By Sarah Snyder
They're not golfers, but they've been spending a lot of time on the greens.
Wild hogs are changing the landscape at the Ward County Golf Course.
It's got folks in Monahans talking, and costing owners a pretty penny.
"It's a huge problem we're facing right now," Chad Thummel, Superintendent of the Ward County Golf Course, said.
"We've had an ongoing hog problem for 10-12 years," Ward County Golfer Gene Brown, who has been golfing at the course since 1989, said.
Over the past two weeks, wild hogs have been searching for grub worms, pushing their snouts under the sod and flipping it over.
"They know there's water here, they found something they like, so they've been getting after it," Ward County Extension Agent Arlan Gentry, said.
"They basically went from one tee to the next tee, and they've done some significant damage," Thummel said.
The Ward County Extension Agent says the wild hog population is growing statewide.
"That's a little out of the ordinary," Gentry said. "They don't really like people, of course they're mainly night-timers. They come out at night and do their damage."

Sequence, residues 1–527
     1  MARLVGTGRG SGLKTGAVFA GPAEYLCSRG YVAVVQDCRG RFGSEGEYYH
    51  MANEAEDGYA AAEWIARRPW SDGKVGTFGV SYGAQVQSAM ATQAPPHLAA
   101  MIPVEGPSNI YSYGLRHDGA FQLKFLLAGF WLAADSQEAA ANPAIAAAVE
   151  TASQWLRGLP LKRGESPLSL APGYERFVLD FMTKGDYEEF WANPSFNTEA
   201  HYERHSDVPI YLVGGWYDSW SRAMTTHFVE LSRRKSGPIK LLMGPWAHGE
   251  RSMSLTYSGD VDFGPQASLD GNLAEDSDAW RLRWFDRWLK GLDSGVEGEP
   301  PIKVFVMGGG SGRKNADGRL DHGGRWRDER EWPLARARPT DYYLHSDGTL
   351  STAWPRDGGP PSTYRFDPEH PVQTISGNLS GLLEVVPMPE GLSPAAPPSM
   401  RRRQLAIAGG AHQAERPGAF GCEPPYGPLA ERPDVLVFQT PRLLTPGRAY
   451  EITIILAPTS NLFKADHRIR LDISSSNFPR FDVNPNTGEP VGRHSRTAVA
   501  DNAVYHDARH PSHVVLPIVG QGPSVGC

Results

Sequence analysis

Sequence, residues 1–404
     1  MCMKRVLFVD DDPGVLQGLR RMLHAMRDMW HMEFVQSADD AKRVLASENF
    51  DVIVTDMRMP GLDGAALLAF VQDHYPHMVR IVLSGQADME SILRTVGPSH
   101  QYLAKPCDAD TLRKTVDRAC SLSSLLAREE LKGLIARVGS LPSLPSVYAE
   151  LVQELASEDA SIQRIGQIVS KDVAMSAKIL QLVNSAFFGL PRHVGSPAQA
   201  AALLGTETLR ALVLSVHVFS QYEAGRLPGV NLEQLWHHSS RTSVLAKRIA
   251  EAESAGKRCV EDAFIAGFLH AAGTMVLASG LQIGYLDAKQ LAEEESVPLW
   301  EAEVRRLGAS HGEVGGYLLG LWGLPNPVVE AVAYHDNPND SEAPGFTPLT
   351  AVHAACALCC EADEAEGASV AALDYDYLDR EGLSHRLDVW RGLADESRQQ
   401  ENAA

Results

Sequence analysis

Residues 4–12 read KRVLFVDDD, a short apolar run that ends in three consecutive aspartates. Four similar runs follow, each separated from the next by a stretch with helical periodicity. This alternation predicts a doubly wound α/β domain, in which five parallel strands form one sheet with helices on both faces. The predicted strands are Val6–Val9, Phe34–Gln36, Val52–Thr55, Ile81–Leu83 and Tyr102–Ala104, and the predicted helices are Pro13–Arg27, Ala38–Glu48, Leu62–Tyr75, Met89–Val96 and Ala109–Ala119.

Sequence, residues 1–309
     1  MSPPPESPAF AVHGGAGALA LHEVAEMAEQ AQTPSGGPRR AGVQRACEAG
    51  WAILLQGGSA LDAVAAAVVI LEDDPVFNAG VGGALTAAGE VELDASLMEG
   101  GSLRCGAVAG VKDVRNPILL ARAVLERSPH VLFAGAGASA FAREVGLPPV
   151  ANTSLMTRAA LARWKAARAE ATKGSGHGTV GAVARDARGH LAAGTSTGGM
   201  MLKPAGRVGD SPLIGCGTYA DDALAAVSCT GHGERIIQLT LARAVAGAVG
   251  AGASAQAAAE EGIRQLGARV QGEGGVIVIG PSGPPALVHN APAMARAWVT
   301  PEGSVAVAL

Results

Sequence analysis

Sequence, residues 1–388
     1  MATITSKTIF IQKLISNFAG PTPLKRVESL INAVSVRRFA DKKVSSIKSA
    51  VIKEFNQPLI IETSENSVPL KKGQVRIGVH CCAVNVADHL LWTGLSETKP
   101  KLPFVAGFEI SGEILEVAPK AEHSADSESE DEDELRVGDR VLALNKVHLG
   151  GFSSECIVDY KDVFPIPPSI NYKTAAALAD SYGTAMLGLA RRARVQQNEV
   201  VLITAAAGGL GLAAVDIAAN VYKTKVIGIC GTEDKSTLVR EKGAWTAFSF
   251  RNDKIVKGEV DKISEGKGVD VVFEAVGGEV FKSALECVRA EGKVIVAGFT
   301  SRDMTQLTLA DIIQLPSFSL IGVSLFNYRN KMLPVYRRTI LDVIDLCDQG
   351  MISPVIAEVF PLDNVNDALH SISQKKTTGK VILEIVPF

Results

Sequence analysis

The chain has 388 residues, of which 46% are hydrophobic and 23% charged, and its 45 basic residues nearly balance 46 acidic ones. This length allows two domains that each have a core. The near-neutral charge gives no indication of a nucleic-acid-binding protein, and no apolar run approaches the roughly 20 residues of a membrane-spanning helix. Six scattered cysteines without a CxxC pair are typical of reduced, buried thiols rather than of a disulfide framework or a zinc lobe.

Folks in Monahans say it's been two years since the last time they saw so many hogs. This time, they've discovered 15 on the golf course.
"I don't know if they've moved on, or if they'll ever move on," Thummel said. "I think they're always going to be looking for a food source."
And it won't be cheap to fix. So far the damage is estimated at about $10,000.
"We've been lucky so far in terms of where the damage is occurring," Brown said. "We're lucky none of our specialty grass has been damaged."
"They like what they found here and they certainly did some damage!" Gentry said.